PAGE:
(1969), and rule 26.14, 17 A.R.S., Rules of Criminal Procedure. In addition, to remand and permit further investigation into the theft of the motorcycle would be futile. That case has been dismissed. The appellant denied guilt, and no agreement for restitution was provided in the plea agreement. To hold otherwise would encourage a criminal forum, with its inherently coercive atmosphere of potential incarceration, to settle civil liabilities. This was a result specifically sought to be avoided in Reese.

For the reasons stated, the matter is remanded to the trial court for entry of an appropriate order modifying the conditions of probation to strike therefrom the required $2,176.85 restitution to the owners of the motorcycle, Mr. and Mrs. Headstrom.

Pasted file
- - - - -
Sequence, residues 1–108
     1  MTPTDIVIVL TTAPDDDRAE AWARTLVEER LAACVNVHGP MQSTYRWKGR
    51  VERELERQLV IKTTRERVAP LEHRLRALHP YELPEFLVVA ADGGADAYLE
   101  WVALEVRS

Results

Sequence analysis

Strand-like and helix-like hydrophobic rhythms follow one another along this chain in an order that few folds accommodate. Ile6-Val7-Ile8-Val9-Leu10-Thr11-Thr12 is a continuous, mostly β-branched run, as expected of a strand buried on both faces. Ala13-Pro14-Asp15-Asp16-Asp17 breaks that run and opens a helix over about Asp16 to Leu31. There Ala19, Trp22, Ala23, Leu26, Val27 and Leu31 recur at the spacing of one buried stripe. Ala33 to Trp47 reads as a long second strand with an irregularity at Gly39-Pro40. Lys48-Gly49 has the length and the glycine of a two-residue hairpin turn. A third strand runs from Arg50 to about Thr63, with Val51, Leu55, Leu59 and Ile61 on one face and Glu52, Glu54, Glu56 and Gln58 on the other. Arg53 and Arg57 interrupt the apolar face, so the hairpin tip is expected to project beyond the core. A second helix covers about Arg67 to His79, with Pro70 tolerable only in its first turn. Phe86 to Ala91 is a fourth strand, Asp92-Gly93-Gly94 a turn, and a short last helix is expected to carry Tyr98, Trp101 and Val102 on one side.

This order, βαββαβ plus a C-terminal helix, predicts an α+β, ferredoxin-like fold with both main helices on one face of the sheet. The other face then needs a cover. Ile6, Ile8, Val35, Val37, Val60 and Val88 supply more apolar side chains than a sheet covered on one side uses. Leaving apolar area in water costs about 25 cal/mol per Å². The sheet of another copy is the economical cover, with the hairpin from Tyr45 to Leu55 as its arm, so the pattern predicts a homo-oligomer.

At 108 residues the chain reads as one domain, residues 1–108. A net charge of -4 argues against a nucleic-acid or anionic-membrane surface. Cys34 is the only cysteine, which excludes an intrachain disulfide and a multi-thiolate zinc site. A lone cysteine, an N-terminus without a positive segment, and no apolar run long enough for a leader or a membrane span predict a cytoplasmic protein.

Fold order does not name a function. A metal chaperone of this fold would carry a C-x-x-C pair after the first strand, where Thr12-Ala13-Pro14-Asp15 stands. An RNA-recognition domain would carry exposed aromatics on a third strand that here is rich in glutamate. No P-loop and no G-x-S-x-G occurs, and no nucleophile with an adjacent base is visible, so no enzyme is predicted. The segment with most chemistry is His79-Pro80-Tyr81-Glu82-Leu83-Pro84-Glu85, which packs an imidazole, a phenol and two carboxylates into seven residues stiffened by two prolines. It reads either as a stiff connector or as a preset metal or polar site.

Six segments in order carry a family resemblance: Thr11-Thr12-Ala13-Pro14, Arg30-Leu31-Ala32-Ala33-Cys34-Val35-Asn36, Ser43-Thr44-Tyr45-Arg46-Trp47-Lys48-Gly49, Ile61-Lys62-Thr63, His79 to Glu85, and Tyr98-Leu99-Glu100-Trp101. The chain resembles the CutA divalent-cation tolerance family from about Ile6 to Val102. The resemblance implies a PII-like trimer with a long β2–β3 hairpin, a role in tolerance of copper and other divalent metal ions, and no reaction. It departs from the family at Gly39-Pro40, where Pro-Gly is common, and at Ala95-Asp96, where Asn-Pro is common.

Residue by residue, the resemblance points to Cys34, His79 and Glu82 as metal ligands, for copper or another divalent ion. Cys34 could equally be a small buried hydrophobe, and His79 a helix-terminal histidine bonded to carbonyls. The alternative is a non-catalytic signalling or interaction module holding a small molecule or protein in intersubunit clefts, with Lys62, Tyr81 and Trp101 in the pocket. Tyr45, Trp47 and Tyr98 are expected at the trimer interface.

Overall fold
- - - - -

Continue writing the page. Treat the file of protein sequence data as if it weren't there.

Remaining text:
The judgment and sentence are otherwise affirmed.

CONTRERAS, P.J., and JACOBSON, J., concur.

[1] Maricopa County Cause No. CR-106975.
[2] § 13-803(A) reads: “Upon a defendant’s conviction for an offense resulting in the death, physical injury or economic loss of the victim, the court may order that all or any portion of the fine imposed be allocated as restitution to be paid by the defendant.”